Public Release: 

A versatile vaccine that can protect mice from emerging tick-borne viruses

Cell Press

IMAGE

IMAGE: This graphical abstract shows how a lipid nanoparticle-encapsulated mRNA vaccine protects mice against Powassan virus, an emerging tick-borne flavivirus, as well as inducing across-reactive antibody response against other tick-borne flaviviruses.... view more 

Credit: VanBlargan et al./Cell Reports

A group of researchers led by Michael Diamond of Washington University School of Medicine in St. Louis have developed a vaccine that is effective in mice against Powassan virus, an emerging tick-borne virus that can cause life-threatening encephalitis in humans. They also show that the vaccine produces antibodies that can protect the mice against other, related tick-transmitted flaviviruses. Their findings appear December 18 in the journal Cell Reports.

Powassan virus, a member of the flavivirus family to which Zika belongs, is still rare, but it can be deadly--and as with many emerging diseases, there was previously no known prevention or treatment for it. This new vaccine is based on a vaccine platform that Diamond and his colleagues used to develop a potential vaccine for Zika: mRNA from the virus in question, encapsulated in lipid nanoparticles (LNP), produces subviral particles that share many features of the virus and provoke an immune reaction that produces protective antibodies. In mice, the new vaccine was effective after one dose against two different strains of Powassan virus and against the more distantly related Langat virus.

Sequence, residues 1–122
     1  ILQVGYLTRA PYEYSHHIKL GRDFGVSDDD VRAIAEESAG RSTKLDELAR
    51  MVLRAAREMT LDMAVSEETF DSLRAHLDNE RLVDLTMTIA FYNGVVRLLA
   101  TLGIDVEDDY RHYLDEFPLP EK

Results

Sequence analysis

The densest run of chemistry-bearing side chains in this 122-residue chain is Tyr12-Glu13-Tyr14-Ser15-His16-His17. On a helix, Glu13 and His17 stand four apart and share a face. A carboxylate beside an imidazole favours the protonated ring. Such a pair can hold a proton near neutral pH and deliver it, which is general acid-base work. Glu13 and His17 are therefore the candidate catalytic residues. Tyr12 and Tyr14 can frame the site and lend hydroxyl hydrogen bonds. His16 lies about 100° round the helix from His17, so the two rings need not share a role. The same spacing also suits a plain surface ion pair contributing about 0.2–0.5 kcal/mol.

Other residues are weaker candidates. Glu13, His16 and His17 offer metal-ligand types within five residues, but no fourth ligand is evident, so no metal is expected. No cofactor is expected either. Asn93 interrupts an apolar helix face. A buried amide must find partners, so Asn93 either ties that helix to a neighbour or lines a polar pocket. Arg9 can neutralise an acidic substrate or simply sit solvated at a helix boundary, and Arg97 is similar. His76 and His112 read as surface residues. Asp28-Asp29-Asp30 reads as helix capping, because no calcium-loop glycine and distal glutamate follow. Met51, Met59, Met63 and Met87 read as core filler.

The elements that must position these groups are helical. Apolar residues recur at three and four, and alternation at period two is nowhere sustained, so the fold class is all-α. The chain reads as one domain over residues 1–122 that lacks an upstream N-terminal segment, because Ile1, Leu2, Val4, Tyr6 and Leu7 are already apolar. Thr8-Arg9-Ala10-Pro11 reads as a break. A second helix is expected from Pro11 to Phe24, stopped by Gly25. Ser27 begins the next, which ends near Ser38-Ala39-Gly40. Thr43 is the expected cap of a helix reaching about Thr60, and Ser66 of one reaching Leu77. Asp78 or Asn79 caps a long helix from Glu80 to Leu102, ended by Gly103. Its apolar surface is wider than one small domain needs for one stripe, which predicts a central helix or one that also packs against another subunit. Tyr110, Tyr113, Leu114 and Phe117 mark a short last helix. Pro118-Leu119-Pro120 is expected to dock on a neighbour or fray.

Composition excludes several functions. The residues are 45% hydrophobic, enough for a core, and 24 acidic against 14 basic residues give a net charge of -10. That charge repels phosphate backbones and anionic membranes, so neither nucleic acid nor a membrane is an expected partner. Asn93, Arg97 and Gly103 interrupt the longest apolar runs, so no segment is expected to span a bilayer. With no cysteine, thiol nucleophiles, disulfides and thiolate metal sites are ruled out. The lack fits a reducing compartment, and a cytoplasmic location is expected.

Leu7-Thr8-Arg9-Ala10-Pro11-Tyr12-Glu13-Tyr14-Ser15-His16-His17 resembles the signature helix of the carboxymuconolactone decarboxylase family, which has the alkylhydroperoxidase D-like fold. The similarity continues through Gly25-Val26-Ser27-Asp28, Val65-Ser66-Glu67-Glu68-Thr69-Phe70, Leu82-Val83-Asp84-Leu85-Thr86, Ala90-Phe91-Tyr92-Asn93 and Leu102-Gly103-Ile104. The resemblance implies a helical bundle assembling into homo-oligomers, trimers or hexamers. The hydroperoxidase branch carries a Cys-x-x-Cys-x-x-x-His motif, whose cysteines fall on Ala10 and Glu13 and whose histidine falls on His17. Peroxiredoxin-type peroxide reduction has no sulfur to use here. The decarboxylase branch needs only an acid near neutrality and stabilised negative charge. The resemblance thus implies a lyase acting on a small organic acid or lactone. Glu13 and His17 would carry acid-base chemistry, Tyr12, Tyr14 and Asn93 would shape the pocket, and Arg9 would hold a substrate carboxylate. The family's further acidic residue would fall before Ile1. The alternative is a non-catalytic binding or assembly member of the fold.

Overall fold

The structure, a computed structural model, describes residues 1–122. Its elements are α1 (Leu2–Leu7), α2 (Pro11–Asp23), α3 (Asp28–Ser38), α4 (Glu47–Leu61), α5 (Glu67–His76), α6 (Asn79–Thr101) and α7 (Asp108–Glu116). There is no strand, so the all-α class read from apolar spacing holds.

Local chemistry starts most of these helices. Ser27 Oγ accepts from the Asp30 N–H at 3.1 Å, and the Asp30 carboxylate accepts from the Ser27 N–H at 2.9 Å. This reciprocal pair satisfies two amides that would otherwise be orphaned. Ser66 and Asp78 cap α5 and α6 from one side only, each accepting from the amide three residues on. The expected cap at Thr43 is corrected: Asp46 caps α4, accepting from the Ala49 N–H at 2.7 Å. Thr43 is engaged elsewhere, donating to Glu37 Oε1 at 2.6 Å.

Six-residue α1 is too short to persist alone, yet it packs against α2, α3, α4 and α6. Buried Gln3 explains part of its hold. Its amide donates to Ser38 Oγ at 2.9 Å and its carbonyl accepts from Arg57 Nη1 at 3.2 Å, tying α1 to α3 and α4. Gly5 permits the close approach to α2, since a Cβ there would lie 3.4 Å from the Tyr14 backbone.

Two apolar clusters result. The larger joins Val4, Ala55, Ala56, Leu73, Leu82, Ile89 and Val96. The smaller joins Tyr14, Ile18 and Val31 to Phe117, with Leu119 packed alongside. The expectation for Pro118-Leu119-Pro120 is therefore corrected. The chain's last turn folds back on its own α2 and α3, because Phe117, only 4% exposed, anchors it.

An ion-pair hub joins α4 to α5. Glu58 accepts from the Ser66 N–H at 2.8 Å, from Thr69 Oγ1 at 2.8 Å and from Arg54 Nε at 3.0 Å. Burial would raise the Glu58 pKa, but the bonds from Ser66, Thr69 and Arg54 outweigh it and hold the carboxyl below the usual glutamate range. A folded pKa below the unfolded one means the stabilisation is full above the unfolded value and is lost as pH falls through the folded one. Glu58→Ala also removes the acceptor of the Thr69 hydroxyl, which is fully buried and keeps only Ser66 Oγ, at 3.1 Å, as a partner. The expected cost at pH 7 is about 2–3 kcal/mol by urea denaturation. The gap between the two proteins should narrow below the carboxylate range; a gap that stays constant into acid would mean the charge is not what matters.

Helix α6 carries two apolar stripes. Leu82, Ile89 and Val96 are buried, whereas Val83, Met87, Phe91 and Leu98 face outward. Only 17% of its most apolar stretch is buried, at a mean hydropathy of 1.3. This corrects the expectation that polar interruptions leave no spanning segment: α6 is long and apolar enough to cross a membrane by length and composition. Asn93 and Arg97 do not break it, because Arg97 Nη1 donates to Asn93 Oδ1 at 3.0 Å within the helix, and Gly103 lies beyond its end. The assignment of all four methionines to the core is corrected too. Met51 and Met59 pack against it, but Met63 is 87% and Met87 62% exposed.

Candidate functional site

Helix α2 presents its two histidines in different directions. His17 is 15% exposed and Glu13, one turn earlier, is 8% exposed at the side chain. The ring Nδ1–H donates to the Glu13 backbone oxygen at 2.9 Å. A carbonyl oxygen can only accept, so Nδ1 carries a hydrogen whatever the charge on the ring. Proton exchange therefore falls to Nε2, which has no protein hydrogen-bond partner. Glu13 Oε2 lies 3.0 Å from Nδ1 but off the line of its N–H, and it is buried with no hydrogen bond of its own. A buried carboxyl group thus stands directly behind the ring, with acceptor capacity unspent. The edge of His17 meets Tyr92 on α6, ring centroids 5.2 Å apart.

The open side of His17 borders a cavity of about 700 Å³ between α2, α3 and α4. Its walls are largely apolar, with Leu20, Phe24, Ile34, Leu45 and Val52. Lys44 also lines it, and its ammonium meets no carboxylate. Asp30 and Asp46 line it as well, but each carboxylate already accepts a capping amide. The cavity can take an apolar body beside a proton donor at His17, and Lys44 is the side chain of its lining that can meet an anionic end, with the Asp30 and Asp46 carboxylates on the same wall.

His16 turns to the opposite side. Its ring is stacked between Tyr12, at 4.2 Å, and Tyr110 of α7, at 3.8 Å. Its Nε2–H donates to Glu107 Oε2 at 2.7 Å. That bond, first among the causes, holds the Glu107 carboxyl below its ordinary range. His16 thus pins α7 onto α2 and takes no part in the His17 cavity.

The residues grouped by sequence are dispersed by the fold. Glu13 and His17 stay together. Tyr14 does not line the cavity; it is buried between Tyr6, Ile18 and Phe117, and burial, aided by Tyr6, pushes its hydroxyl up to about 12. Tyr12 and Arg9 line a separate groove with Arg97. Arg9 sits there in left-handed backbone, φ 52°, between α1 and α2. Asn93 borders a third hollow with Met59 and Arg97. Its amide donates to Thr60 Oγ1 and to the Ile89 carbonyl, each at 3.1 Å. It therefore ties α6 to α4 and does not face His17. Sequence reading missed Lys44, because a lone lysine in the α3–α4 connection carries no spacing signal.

This work suggests that the LNP-encapsulated modified mRNA vaccine platform could be used to produce vaccine candidates for other flaviviruses by substituting in mRNA from the virus the researchers want to target. Diamond and his colleagues hope that this could be a way to rapidly produce potential vaccines for new flaviviruses as they emerge and before they become epidemics.

"We are excited that this mRNA-based vaccine against Powassan virus was highly immunogenic and conferred protection against multiple members of the family. We plan to continue studying the molecular basis for its broadly neutralizing antibody activity and test the vaccine against additional related viruses," he says.

###

This research was supported by NIH-NIAID and a research grant from Moderna.

Cell Reports, VanBlargan et al.: "An mRNA vaccine protects mice against multiple tick-transmitted flavivirus infections" https://www.cell.com/cell-reports/fulltext/S2211-1247(18)31873-4

Cell Reports (@CellReports), published by Cell Press, is a weekly open-access journal that publishes high-quality papers across the entire life sciences spectrum. The journal features reports, articles, and resources that provide new biological insights, are thought-provoking, and/or are examples of cutting-edge research. Visit: http://www.cell.com/cell-reports. To receive Cell Press media alerts, contact press@cell.com.

Disclaimer: AAAS and EurekAlert! are not responsible for the accuracy of news releases posted to EurekAlert! by contributing institutions or for the use of any information through the EurekAlert system.